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Authors: Johnson, Jakobi
Advisors: Pacala, Stephen
Department: Ecology and Evolutionary Biology
Class Year: 2015
Abstract: Recently, concussions have been one the largest public health problems for healthcare professionals. They are a seemingly unpreventable aspect of many different sports. A concussion can be defined as a complex biological process that results from biomechanical forces acting on the head that can affect normal brain functioning. If not treated properly and carefully, concussions may lead to prolonged symptoms and a higher risk of developing brain disorders later in life. Some of the most easily recognizable symptoms of concussions include: dizziness, loss of consciousness, and headache. Finding a viable treatment, and a way to evaluate concussion severity and future effects, presents a major challenge for healthcare providers. Presently, most treatments consist of rest from cognitive and physical activity. Healthcare professionals decide how and when patients can gradually return-to-play and return to other activities based on how symptoms are displayed. Since most of what we can see from concussions is based on symptoms reported by concussed individuals and their healthcare professionals, this study takes a deeper look at concussion symptoms and post-concussion syndrome. This study analyzes data from twenty-three different studies using multiple statistical tests (t-test, ANOVA Chi-Squared) to determine which concussion symptoms are statistically significant. This thesis shows that most of the common concussion symptoms are found at high enough frequencies to reject the null hypothesis of a frequency of zero. This study also revealed that some symptoms occur at a higher frequency in the general population than in the concussion samples. Moreover, the ANOVA test showed that many of the symptoms had complex interactions. Future studies should investigate these associational relationships to identify the mechanisms. This thesis also provides support for the testing of blood for endocrine and hormone levels to get a more complete measurement of the severity and proper treatments that should follow concussions.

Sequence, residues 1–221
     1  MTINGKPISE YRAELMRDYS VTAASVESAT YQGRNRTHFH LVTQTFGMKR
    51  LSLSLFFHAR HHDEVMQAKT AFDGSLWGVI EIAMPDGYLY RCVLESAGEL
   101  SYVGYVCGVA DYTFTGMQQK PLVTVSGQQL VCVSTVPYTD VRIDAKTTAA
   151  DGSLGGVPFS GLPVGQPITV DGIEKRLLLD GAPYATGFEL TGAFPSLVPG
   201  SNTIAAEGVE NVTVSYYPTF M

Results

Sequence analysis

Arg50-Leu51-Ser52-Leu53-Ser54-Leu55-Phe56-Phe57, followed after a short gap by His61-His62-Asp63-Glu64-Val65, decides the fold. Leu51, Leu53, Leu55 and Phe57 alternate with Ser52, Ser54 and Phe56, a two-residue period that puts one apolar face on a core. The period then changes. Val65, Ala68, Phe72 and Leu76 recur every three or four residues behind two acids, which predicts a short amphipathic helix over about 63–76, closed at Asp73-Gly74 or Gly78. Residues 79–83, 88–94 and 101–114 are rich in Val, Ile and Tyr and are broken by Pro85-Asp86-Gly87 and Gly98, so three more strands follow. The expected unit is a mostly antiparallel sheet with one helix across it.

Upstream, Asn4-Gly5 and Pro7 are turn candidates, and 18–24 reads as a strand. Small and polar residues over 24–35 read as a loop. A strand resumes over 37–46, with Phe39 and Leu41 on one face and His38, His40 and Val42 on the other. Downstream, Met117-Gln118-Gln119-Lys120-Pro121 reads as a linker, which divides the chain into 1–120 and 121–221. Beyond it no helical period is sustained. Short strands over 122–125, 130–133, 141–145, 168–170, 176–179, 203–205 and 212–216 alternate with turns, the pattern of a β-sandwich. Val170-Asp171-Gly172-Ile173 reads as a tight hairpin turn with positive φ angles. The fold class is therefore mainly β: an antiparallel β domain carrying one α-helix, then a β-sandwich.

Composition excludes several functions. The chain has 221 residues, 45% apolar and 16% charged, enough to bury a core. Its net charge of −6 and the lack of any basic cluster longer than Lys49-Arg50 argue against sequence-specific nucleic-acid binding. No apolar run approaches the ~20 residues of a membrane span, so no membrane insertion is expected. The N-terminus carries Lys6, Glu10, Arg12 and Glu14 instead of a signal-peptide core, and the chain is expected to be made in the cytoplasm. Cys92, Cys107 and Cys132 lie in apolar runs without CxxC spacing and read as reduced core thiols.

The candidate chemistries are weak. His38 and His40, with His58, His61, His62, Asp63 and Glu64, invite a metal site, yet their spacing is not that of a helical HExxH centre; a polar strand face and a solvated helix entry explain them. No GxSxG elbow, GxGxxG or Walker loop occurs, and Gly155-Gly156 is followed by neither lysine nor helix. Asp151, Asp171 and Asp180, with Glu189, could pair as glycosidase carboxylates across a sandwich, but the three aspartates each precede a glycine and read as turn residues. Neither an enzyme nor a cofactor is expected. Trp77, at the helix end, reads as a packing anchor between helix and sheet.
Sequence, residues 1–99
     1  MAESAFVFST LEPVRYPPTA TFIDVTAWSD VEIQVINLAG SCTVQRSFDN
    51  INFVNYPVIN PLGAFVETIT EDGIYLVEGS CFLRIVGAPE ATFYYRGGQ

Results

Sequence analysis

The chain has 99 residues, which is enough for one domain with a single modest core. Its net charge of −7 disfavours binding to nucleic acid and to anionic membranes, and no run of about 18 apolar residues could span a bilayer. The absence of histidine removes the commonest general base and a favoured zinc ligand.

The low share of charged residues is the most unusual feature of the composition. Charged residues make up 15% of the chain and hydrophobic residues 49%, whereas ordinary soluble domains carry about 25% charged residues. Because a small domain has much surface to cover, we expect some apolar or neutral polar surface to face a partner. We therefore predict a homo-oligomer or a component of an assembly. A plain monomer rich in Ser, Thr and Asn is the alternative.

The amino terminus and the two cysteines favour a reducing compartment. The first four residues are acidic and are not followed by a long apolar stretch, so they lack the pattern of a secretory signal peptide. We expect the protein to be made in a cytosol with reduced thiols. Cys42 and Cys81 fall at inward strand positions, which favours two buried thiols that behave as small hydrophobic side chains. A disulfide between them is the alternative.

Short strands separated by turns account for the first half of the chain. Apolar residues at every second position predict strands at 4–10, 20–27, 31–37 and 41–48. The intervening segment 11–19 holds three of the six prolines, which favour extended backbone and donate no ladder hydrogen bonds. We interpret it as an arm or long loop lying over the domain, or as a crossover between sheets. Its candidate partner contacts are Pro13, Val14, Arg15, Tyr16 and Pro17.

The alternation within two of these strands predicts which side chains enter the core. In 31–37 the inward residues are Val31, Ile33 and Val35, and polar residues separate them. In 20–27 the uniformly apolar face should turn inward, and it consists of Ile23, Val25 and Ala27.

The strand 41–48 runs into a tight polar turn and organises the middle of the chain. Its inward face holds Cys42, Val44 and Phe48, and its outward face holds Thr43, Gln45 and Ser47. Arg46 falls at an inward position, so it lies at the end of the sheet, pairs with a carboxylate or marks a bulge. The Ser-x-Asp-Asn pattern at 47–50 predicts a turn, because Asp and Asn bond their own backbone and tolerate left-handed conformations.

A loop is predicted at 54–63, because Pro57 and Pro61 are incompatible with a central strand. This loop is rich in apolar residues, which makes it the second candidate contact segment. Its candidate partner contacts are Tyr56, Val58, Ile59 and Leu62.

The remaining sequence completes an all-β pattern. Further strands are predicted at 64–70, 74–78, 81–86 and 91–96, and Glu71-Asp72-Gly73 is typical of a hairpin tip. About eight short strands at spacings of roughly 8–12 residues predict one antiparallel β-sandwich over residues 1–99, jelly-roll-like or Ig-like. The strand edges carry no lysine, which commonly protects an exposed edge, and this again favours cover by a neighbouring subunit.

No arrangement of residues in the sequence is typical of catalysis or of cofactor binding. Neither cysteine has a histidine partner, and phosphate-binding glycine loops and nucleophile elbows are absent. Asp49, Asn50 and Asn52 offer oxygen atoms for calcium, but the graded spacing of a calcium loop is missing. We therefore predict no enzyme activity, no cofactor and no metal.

Extent: 74 pages
Type of Material: Princeton University Senior Theses
Language: en_US
Appears in Collections:Ecology and Evolutionary Biology, 1992-2016

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